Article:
cover image Gaytheist: Coming Out of My Orthodox Childhood

Gaytheist: Coming Out of My Orthodox Childhood

Lonnie Mann and Ryan Gatts. Street Noise, $23.99 trade paper (260p) ISBN 978-1-951491-27-7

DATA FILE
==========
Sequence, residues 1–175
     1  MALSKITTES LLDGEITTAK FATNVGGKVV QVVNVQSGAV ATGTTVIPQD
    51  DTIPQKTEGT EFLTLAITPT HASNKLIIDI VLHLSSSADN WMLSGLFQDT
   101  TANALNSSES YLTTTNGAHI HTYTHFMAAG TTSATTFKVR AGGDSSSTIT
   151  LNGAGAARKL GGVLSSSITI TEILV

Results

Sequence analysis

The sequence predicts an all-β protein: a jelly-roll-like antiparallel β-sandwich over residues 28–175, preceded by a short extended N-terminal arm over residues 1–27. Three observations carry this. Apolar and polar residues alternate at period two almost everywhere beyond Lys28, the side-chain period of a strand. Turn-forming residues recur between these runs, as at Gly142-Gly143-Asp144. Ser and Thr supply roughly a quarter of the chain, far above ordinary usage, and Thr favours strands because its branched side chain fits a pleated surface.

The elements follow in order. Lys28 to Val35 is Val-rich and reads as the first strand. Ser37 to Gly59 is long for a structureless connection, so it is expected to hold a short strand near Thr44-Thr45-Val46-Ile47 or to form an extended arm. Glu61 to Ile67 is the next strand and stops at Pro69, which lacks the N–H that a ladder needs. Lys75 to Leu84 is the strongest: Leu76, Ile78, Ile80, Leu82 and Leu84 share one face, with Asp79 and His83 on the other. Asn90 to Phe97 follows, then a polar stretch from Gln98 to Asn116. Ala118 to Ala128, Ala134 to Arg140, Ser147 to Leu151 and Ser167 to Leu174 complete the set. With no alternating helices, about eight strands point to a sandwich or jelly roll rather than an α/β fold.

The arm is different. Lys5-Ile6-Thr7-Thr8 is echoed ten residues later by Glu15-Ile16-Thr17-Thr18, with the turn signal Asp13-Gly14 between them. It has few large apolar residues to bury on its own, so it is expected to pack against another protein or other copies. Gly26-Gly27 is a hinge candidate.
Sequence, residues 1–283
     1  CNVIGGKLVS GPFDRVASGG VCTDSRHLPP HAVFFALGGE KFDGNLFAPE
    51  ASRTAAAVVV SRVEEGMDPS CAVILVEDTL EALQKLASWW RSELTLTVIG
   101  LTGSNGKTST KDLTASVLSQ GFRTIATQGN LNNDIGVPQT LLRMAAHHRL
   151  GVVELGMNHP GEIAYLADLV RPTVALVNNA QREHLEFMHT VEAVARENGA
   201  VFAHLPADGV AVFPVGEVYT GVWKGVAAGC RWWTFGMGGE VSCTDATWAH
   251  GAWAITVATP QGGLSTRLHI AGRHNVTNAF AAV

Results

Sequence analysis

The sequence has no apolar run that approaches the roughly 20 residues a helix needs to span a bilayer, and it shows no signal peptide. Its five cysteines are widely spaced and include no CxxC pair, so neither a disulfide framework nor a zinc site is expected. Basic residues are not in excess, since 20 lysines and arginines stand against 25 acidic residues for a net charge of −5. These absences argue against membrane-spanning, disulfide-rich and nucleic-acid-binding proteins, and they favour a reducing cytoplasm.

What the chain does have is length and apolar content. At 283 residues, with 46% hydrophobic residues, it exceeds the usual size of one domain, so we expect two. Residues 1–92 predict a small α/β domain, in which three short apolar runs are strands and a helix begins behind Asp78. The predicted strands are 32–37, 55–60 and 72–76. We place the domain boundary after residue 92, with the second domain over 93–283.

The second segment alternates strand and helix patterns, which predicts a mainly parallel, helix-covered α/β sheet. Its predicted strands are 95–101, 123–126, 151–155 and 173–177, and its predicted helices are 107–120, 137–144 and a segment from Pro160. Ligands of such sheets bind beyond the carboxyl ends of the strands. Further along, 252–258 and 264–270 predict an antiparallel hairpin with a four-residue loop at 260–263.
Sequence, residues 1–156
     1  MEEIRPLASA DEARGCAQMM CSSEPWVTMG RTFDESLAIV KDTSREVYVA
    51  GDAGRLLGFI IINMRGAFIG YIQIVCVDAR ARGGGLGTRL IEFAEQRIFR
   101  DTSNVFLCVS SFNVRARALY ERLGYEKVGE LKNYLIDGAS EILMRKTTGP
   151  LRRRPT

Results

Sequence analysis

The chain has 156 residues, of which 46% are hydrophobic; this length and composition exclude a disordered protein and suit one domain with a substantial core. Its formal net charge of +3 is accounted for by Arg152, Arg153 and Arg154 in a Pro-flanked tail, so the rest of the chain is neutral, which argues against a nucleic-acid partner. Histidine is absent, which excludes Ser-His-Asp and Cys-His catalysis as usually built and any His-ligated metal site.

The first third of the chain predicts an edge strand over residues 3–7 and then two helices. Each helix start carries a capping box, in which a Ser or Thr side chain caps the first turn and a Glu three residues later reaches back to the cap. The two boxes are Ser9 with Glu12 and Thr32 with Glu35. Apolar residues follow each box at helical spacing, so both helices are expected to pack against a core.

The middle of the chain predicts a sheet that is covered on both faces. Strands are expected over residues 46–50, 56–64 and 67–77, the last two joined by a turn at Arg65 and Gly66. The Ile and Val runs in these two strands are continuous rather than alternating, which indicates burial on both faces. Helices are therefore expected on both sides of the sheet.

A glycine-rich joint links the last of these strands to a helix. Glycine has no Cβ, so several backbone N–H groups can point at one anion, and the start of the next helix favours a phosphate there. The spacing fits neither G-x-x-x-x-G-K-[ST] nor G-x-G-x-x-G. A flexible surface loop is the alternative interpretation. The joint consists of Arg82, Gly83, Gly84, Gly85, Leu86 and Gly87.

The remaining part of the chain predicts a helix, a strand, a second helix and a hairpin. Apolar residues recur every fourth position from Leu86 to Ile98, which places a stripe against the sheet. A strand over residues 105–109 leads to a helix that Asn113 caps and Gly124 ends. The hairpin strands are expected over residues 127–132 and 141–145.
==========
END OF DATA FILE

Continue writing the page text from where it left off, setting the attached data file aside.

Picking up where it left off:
Mann (Thoughts from Iceland) partners with co-artist Gatts for an emotionally fraught graphic memoir of coming out in his “insular, strictly regulated” Orthodox Jewish household in 1990s Long Island. Crushes on his classmates at his yeshiva prodded Mann to realize he’s gay. Despite the harsh homophobic teachings of his temple (where AIDS is characterized as a “divine punishment”), in the ninth grade he cautiously comes out to a rabbi, who offers quiet support and maintains his secret. He later tells his parents, who react less well, and who send him to a therapist. As he grows older and closer to peers (in and out of his religious community), he continues to wrestle with his identity and faith. He catches out his parents’ hypocrisy, as when his mother consults a psychic to confirm her belief that he will grow out of this phase (“You’ll believe what this witch says instead of your own son?”). Orthodox practices are neatly unpacked, though the narrative focus on Mann’s adolescent inner turmoil occasionally results in scenes that skim over family tensions and plot points. The art is gentle and naturalistic, with crisp lines and often gradient, color wash backgrounds that soften even the starkest moments. Younger adults navigating their own coming out within religious communities will find resonance. (Feb.)